CJ@CineAsia CineAsia Universty – Architecture

By Patrick von Sychowski | December 10, 2014 6:39 am PST

In an effort to provide updates on the CineAsia 2014 conference and trade show presently taking place in Hong Kong SAR, this post was written live, and in the present tense, during one of the conference’s presentations. Comments attributed to speaker(s) are paraphrased unless denoted specifically by quotation marks.

Mike Cummings, Principal, TK Architects

Mike opens by saying thanks CineAsia for including architecture in CineAsia university. “How do we continue to raise the level of cinema going experience?” he asks. “By using set design principles. There is a comfort sitting in the home,” so there is a challenge to get people to leave their couch. “As Jim Cameron said he doesn’t care if people watch his films third or fourt time on a smartphone, but first time should be in the theatre,” Mike observes.

Set design – what designers can do to enhance the experince. Make the lobby a key component of the experience. Make the lobby part of the show.

Style and atmosphere is one aspect – realistic, minimalist, traditionalist, luxurious, classic or contemporary.
Tone is another, colour, shape, rythm of visual elements.
Theme – favourite one for architects. Use central metaphore, such as ‘digital glamour’ and another is ‘luxury inside’ – probe deeper to find true beauty.
Visual Cues – [this presentation should really be seen with the great pictures Mike is using to illustrate each point.] Seating groupings (better yet, ‘activity groupings’) – Think of different places and how people congregate.
Interactivity is the last principle – a whole group of consumers will not be happy with passively watching a film for two hours. So how to cater to them.

“Bringing it all together – with also music, sounds, props you can create a whole new kind of movie experience. Thank you.”


David Mesbur, Design Princippal, Mesbur+Smith Architects
Ramin Moeini, Senior Associate, Mesbur+Smith Architects (doesn’t speak, just clicks the slides)

“For those unfamilair with our work, we are world renowned boutique operation that does diverse work from multiplexes to restorations. World class expertise in design. State of the art creative solutions. [pictures are more telling than the words David speaks.] We have seen tremendous changes in the last decade and changed accordingly, so we can offer our clients the best and most up-to-date solutions.”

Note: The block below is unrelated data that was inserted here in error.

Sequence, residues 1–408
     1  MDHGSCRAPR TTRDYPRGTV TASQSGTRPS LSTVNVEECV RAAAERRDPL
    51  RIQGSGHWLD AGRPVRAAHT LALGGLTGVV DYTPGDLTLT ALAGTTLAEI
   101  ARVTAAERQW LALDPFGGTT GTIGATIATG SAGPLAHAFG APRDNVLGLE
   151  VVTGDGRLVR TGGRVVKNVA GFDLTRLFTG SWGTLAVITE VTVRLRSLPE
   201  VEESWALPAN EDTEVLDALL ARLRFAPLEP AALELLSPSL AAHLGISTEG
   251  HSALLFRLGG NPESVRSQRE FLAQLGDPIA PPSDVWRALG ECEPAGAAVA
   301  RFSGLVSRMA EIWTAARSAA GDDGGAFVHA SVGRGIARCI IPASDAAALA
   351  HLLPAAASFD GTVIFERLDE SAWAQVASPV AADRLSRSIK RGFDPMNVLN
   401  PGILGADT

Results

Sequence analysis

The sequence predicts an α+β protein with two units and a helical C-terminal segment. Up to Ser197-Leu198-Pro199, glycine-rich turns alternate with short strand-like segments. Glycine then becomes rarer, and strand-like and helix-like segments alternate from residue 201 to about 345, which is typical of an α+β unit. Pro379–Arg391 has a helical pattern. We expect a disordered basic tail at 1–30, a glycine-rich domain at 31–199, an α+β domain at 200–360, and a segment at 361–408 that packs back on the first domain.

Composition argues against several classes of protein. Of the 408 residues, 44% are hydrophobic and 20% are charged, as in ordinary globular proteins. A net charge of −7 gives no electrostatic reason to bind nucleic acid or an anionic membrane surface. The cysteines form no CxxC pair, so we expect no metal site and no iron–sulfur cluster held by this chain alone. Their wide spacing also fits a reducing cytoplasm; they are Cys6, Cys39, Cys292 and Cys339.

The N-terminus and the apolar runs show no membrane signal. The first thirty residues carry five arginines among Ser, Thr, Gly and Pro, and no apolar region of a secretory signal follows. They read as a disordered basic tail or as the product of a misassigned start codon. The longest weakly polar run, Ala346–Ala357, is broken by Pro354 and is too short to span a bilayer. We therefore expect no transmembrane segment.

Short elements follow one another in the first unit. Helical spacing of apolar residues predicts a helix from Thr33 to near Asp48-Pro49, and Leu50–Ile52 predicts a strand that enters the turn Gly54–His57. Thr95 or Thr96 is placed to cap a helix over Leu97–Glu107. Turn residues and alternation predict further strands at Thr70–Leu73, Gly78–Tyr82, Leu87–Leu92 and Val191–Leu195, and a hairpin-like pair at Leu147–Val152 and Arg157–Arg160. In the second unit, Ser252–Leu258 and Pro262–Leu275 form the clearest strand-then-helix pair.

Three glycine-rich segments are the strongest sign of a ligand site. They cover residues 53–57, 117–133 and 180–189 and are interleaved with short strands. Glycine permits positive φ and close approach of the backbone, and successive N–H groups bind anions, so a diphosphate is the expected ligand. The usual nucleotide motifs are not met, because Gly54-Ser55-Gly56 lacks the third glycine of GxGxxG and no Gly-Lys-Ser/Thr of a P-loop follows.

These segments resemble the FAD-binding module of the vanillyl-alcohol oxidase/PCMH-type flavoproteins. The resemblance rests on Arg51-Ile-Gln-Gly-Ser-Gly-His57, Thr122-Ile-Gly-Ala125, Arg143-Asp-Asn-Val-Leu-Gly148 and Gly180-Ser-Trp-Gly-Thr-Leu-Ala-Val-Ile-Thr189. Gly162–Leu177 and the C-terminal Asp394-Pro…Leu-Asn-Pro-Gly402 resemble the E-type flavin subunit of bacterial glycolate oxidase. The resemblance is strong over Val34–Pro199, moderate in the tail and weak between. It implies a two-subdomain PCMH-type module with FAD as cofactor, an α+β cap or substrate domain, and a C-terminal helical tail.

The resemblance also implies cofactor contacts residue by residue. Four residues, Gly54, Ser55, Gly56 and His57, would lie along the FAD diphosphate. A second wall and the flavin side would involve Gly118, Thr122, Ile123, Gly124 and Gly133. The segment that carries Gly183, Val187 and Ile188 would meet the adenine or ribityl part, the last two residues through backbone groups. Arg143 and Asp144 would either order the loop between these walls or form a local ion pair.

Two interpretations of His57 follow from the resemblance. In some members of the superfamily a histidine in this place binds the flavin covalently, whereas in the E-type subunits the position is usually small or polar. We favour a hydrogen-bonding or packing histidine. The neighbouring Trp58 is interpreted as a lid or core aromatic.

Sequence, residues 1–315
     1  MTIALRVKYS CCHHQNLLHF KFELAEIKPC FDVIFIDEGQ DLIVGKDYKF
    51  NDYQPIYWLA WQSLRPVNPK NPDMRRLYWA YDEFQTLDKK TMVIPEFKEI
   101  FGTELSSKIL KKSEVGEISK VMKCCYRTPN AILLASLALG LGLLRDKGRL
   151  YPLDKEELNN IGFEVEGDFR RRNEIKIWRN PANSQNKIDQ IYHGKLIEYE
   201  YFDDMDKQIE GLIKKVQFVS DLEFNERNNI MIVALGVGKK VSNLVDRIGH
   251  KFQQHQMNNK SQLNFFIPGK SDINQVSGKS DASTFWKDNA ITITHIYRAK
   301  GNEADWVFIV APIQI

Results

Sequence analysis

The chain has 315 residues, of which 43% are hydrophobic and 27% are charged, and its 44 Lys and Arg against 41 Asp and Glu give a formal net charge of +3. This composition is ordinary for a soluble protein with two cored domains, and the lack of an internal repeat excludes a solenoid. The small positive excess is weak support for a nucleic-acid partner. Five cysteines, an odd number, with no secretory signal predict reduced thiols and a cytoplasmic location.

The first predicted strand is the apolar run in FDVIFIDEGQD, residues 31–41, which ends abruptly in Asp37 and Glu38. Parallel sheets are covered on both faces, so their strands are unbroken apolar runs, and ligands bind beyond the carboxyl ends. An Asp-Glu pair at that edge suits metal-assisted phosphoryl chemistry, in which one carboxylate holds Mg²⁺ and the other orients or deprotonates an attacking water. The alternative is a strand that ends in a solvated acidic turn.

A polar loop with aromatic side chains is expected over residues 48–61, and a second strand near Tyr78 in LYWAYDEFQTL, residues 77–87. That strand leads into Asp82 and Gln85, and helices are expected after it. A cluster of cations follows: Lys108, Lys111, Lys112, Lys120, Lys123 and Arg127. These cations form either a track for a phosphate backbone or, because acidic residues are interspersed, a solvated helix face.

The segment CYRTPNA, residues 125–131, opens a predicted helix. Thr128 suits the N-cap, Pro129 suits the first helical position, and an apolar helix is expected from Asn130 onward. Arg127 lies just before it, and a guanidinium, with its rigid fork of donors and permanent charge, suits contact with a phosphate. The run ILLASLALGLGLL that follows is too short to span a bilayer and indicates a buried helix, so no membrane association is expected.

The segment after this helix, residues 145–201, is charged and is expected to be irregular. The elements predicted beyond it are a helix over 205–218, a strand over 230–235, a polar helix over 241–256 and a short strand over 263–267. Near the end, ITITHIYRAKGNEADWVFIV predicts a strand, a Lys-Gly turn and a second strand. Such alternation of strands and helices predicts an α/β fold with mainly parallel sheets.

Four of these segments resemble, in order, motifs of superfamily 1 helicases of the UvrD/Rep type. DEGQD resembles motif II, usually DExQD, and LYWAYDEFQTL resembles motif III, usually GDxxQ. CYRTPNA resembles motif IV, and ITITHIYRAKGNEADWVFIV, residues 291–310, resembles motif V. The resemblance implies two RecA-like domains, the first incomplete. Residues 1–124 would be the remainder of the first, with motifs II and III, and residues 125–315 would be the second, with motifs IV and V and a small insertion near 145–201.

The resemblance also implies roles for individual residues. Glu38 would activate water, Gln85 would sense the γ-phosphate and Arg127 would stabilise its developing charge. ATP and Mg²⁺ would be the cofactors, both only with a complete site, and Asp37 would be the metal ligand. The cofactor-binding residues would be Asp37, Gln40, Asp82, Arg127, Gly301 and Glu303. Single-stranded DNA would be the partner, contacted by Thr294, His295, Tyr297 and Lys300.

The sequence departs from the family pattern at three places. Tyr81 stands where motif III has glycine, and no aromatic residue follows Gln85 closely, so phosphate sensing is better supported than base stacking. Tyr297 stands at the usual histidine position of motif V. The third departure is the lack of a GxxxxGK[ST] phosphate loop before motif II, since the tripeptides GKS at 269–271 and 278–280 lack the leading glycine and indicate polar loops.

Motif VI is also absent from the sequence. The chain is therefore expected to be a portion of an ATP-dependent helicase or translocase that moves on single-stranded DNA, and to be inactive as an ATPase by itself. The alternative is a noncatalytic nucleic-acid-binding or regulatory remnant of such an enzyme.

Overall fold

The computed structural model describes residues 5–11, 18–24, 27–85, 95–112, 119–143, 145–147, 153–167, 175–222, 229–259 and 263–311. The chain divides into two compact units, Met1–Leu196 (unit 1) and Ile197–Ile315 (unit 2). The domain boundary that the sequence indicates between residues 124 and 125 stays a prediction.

“The exciting news is that Asia is seeing the strongest growth, based on strong film base. From single purpose cinemas to mixed entertainment centres. 90% of  M+S’s work is cinema-related.”

He then shows example of 19 screen complex accomodating over 3,000 people in 7,000 sq meters due to open in 2016, includes bowling, billiards, 6-screen VIP zone on two levels and 536 seat Imax theatre. This in a Middle East market. “Common thread is that we have shifted our concept design to vastly increase the offerings compared.”

Another trend of mixed seat auditoriums with VIP seats in the rear. Previous example has that, with premium seating above the cross aisle where patrons enter. Imax also has VIP private boxes. Another is the ALL VIP IMAX in Russia at $100 per ticket. [was that before or after the Rubel crashed in value?] “Exclusive luxury cinema experience.”

Final trend is new digital projection expanded offerings – live events, etc. Can customise auditoriums for special requirements, dinner theatres, children’s seating, performing art theatres, class room use cinemas. Without need for projection booth, there is more flexibility in designing the complex. Restaurants and theatres can be co-located. Cinema design is in a period of dramatic change.

“To design the cinema of the future we have to think strategically.”

And with that the 3×15 minute sprint sessions ended. Productive format, so kudos to ICTA.

Patrick von Sychowski
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